Familiar terrain 
Look how many times the current prime minister has condemned the “Chinese” community as economic pirates holding the Malay community to ransom but – and this is the important part – he has relied on Chinese plutocrats to fuel his economic and social agenda. Is there any evidence that his trickle-down economic theory of artificially creating a wealthy Malay plutocrat class to mitigate the influence of the Chinese community has been rejected by the Harapan elite? I do not think so.
Before hooking up with Mahathir, what the opposition - by opposition I mean the DAP (and sometimes even PAS) - did really well was to tease out the nexus between the plutocrats and politicians (Umno/MCA) who were creating a system of privilege and corruption that lubricated mainstream Malaysian politics. There are many examples but the most relevant would be the alleged footing of Hadi Abdul Awang's bill by a person that heads a GLC (government-linked company).
Make no mistake, when the prime minister talks about being business-friendly, he means collusion between the business class and politicians. He certainly does not mean free-market ideas that encourage unbridled capitalism – which is a beast of its own – but rather a relationship of mutual benefit between the business class and the political elite. “Socialism” is just a red herring meant to distract from the real message to the powerbrokers and their minions in this country.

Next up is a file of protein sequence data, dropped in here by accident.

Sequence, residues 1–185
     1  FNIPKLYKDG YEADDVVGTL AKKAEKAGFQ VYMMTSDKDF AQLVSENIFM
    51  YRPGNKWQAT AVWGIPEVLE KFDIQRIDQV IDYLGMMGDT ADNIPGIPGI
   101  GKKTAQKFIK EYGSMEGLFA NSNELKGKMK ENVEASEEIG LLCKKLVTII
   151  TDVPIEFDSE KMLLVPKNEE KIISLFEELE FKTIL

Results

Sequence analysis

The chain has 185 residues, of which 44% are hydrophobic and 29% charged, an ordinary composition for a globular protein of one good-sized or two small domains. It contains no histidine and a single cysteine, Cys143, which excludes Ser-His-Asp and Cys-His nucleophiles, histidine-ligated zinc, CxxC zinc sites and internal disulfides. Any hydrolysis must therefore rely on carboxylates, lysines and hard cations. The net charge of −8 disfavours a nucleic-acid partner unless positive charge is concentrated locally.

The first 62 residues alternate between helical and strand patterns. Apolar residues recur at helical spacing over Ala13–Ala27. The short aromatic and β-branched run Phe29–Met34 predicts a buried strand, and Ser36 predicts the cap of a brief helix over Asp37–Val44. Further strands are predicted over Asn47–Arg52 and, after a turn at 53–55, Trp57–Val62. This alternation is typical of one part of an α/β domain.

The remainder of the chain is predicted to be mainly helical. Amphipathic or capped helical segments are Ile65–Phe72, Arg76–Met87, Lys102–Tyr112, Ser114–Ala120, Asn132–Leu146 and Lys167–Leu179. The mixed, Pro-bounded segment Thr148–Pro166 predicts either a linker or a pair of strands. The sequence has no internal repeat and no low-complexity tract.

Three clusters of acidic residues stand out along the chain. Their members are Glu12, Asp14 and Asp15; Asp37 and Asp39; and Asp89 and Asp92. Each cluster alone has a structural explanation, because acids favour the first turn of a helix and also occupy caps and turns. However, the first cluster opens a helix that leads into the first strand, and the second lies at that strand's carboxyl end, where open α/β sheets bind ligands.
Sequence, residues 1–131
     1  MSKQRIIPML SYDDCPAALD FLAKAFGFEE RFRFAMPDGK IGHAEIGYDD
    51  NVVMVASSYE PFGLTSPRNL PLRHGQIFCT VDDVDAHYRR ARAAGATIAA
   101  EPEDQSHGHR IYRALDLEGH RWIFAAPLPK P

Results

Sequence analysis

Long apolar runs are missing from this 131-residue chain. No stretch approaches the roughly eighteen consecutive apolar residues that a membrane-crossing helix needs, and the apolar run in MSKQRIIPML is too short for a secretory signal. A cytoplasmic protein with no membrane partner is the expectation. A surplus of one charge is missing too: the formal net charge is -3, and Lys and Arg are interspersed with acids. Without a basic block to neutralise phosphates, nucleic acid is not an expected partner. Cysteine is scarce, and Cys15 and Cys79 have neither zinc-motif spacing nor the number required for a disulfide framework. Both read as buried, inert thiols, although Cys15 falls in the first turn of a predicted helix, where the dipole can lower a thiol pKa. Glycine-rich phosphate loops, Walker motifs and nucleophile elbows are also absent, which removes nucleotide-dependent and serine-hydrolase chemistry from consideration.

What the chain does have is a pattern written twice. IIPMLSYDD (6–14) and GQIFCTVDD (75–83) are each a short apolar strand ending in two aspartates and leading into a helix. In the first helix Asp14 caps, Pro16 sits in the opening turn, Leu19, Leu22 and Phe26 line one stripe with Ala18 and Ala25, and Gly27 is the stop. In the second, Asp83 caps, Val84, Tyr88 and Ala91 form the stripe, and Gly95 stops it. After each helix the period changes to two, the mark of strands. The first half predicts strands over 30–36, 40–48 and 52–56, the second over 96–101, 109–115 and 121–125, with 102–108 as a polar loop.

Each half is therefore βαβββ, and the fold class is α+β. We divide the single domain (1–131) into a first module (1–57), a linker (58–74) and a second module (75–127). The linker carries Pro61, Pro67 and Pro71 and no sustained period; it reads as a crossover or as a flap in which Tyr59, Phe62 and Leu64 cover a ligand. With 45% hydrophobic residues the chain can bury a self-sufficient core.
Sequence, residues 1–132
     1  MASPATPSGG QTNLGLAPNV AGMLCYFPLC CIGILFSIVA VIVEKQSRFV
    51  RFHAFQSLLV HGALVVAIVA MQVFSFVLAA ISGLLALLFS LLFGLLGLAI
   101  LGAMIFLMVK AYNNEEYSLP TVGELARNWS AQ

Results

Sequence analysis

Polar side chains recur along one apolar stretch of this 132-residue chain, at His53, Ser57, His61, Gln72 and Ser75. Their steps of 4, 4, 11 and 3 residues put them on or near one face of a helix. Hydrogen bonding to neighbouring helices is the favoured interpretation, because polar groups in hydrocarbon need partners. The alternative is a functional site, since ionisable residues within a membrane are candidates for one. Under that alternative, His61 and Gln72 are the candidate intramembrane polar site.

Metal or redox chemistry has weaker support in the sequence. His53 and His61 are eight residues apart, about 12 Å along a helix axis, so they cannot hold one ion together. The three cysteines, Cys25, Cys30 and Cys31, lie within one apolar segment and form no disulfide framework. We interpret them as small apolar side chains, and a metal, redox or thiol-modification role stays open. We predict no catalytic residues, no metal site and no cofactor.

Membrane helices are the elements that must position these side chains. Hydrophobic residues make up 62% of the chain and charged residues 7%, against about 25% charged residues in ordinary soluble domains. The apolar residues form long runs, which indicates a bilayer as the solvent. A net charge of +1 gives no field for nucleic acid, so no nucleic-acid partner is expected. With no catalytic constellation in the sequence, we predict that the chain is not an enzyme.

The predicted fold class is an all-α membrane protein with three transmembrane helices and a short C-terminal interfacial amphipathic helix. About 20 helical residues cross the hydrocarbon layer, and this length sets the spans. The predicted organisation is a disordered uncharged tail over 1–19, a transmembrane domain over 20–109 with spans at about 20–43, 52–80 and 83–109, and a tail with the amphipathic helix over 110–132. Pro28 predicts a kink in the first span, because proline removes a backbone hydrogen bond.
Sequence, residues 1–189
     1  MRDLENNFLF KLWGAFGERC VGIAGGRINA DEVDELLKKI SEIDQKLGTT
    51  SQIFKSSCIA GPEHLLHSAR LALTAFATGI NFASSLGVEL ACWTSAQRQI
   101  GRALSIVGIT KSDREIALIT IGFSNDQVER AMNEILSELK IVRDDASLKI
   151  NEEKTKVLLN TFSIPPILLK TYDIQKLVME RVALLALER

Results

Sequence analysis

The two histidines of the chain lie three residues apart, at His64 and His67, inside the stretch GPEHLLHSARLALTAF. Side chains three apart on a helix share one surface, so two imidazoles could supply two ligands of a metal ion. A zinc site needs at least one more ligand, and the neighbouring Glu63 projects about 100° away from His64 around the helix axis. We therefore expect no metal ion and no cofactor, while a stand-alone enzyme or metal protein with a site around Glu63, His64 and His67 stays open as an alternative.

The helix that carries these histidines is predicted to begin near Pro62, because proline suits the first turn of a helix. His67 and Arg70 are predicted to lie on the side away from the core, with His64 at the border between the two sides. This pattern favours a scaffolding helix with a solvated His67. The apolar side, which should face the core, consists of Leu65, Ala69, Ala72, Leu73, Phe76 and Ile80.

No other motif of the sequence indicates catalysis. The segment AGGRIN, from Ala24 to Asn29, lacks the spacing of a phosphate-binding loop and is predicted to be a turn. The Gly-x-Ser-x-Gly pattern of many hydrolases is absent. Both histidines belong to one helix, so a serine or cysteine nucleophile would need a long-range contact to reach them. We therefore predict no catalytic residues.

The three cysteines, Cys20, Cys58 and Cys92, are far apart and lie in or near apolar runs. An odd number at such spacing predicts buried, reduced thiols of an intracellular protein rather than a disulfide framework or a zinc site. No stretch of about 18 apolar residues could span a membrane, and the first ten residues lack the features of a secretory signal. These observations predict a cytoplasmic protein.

For a country with as much entitlements programmes like this one, not to mention subsidised programmes in the guise of “development” programmes, it should not have a beef with “socialism”. And with all the development going on in Penang at the expense of social and environmental issues, there is no way anyone could make a rational argument that the DAP’s supposed socialist imperatives trump their capitalist impulses.

Remember what Mahathir said about demonising the opposition when he campaigned for Lim Kit Siang in the election? Excerpt: "'The government (under me), in the past, labelled the DAP as Chinese chauvinists. That was the nature of politics - to win, we label the opponents. In the case of DAP, it was considered a Chinese chauvinist party. In return, I was also labelled an extremist (by the opposition). However, Mahathir said, in reality, this was not true and that was why he was willing to cooperate with DAP.'”
Want to know the kind of politics we have bought into?
In my review of Mohamed Tawfik Ismail and Ooi Kee Beng’s book on Malaya’s First Year in the UN, I ended with this snippet from the book – “(Then deputy prime minister) Abdul Razak (Hussein) had just secured a low-interest loan from the Sultan of Brunei in order to implement some of the short-term projects for the rural areas before the elections. The letter, among others, discusses the nearing election, which was 'getting warmer'. And with that, we are back on familiar terrain.”
Familiar terrain indeed. A terrain where big government could win if it loses in the short term.
posted by Major D Swami (Retired) @ 3:08 PM